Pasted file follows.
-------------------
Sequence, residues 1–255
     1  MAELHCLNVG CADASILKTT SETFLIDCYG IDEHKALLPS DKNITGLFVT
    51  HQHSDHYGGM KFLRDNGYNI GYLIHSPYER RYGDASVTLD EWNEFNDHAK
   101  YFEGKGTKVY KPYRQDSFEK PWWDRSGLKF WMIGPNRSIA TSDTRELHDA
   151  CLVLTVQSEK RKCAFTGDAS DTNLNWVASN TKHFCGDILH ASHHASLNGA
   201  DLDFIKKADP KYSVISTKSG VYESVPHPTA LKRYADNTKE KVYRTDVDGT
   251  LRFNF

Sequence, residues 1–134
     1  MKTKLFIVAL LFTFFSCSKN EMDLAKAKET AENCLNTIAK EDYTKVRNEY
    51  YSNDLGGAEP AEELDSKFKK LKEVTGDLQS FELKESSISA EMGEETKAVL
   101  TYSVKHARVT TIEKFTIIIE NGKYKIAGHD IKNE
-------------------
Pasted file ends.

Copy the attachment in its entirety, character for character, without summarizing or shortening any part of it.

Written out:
Sequence, residues 1–255
     1  MAELHCLNVG CADASILKTT SETFLIDCYG IDEHKALLPS DKNITGLFVT
    51  HQHSDHYGGM KFLRDNGYNI GYLIHSPYER RYGDASVTLD EWNEFNDHAK
   101  YFEGKGTKVY KPYRQDSFEK PWWDRSGLKF WMIGPNRSIA TSDTRELHDA
   151  CLVLTVQSEK RKCAFTGDAS DTNLNWVASN TKHFCGDILH ASHHASLNGA
   201  DLDFIKKADP KYSVISTKSG VYESVPHPTA LKRYADNTKE KVYRTDVDGT
   251  LRFNF

Sequence, residues 1–134
     1  MKTKLFIVAL LFTFFSCSKN EMDLAKAKET AENCLNTIAK EDYTKVRNEY
    51  YSNDLGGAEP AEELDSKFKK LKEVTGDLQS FELKESSISA EMGEETKAVL
   101  TYSVKHARVT TIEKFTIIIE NGKYKIAGHD IKNE